| FOR IMMEDIATE RELEASE
THURSDAY, SEPTEMBER 30, 2004
TDD (202) 514-1888
WASHINGTON, D.C. Bayer Corporation, the Pittsburgh subsidiary of German firm Bayer AG, has agreed to plead guilty and to pay a $33 million criminal fine for participating in a conspiracy to fix prices of a chemical used in a number of consumer products, including plastic grocery bags, shoe soles and automotive parts, the Department of Justice announced today. Today's charge is the first in an ongoing investigation of this product, polyester polyols.
Polyester polyols are also used in automotive coatings, filters, belts, seals and gaskets, adhesives, sound-proofing products, and textiles. The chemical involved in the Bayer case, aliphatic polyester polyols made from adipic acid, is added to other chemicals to improve tensile strength and resistance to abrasion.
According to the one-count felony charge filed in the U.S. District Court in San Francisco, Bayer Corporation conspired from 1998 to 2002 with an unnamed producer and unnamed individuals to suppress and eliminate competition in the United States for aliphatic polyester polyols made from adipic acid. Under the plea agreement, which must be approved by the court, Bayer Corporation has agreed to assist the government in its ongoing investigation.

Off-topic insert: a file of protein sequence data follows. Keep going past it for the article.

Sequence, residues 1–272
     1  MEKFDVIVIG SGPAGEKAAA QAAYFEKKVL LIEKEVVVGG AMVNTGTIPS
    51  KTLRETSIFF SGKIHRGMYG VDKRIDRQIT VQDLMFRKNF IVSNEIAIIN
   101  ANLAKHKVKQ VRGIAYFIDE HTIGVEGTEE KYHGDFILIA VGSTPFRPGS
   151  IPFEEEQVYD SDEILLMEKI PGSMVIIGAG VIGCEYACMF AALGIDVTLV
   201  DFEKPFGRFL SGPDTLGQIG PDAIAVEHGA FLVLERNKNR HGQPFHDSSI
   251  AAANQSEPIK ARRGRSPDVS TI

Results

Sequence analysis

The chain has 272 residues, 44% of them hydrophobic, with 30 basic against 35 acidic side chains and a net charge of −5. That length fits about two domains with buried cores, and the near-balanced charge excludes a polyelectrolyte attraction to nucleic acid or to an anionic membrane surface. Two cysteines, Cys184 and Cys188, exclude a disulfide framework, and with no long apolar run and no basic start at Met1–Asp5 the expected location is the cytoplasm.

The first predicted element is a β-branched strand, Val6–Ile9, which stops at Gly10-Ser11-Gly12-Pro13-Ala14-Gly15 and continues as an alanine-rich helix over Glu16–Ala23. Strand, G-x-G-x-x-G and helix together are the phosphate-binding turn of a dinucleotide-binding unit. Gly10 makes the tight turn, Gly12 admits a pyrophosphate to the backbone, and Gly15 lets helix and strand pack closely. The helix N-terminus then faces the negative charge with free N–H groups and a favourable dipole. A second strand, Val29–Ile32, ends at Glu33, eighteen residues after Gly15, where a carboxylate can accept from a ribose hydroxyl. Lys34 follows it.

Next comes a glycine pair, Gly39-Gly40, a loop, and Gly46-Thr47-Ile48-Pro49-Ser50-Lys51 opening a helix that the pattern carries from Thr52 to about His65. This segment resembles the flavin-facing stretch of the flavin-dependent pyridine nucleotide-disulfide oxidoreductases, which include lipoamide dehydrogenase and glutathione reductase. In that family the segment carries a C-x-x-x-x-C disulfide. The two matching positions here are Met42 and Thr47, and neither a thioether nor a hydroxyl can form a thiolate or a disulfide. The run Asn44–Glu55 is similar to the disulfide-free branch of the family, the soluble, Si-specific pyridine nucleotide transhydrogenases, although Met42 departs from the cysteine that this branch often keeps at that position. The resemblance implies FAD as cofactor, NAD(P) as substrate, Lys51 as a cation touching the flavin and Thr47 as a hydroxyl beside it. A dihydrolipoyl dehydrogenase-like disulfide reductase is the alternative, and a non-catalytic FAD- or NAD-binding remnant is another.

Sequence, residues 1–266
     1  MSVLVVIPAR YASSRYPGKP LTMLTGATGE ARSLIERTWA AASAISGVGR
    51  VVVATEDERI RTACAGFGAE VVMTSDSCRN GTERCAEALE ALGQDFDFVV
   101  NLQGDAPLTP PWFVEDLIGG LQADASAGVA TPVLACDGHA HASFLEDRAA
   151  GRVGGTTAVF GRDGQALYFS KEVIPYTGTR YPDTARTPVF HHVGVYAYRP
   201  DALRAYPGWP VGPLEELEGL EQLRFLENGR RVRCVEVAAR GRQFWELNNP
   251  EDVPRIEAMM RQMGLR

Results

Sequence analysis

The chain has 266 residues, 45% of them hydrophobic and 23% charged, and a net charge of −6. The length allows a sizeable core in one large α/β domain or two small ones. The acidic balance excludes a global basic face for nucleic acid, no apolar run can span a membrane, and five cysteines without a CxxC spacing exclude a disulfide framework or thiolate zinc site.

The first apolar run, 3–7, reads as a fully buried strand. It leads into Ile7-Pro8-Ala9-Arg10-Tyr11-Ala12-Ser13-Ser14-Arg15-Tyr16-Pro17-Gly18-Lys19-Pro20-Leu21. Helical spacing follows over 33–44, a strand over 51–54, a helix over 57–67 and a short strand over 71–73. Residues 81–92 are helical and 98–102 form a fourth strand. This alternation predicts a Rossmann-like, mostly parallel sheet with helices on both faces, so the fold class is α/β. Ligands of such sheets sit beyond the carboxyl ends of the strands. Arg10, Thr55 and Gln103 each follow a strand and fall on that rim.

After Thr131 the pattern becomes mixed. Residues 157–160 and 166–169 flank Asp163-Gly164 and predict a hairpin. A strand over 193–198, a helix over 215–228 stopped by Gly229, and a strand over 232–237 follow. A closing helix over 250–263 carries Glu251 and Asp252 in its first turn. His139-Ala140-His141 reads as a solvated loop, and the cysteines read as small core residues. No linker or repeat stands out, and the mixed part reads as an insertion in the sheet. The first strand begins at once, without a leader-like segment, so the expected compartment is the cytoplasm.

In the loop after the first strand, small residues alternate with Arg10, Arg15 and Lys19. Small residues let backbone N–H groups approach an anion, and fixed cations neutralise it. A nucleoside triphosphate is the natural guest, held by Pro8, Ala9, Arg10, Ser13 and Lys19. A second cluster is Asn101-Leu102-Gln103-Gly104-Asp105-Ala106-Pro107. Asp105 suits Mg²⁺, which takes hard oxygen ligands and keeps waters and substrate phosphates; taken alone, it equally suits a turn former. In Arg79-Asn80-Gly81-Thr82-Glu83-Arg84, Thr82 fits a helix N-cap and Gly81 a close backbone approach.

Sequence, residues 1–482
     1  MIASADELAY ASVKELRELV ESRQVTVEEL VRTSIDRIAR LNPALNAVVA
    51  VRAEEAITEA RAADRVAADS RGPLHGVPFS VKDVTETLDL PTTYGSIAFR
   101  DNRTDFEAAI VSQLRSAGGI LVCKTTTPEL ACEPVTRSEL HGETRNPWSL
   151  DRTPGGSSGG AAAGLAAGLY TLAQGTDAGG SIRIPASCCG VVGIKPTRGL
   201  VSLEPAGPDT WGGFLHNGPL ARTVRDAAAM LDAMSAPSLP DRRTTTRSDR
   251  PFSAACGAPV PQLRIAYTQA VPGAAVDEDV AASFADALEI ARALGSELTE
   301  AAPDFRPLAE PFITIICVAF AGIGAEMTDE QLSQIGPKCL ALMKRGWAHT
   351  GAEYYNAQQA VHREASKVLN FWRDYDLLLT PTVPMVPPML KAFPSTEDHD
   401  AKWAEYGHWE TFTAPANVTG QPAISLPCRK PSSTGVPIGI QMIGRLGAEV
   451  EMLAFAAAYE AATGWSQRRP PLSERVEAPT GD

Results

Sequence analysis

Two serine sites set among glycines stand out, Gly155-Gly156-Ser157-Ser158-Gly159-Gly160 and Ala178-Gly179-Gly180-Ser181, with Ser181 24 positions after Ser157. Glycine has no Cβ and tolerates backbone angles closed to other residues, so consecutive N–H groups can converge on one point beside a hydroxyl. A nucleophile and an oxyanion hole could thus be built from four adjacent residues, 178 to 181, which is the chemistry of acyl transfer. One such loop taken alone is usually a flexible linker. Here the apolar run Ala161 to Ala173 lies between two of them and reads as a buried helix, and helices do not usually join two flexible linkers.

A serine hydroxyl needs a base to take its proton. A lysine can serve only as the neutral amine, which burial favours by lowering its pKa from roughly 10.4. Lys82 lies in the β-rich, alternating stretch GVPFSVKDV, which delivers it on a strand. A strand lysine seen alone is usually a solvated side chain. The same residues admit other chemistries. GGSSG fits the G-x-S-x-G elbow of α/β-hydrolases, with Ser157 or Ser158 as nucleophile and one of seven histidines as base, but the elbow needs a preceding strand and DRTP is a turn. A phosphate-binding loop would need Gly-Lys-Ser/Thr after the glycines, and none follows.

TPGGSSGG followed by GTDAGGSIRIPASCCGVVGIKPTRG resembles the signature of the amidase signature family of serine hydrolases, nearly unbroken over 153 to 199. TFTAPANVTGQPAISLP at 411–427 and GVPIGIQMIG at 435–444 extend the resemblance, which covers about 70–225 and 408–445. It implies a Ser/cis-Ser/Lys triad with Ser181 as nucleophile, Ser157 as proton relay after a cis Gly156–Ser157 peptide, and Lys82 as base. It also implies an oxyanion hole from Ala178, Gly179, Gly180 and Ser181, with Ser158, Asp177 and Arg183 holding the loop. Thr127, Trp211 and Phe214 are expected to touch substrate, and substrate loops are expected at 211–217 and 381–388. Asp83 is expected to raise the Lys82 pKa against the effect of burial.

"Today's charge represents a significant step in our continuing effort to eliminate illegal cartel activity," said R. Hewitt Pate, Assistant Attorney General in charge of the Department's Antitrust Division.
The Department charged that Bayer and unnamed co-conspirators carried out the conspiracy by:
Bayer Corporation was charged with violating Section 1 of the Sherman Act, which carries a maximum fine of $10 million for corporations and a maximum penalty of three years imprisonment and a fine of $350,000 for individuals for violations occurring before June 22, 2004. The maximum statutory fine may be increased to twice the gain the conspirators derived from the crime or twice the loss suffered by the victims of the crime, if either of those amounts is greater than the statutory maximum fine.
Today's charge is the result of an ongoing investigation being conducted by the Antitrust Division's San Francisco Field Office and the Federal Bureau of Investigation in San Francisco.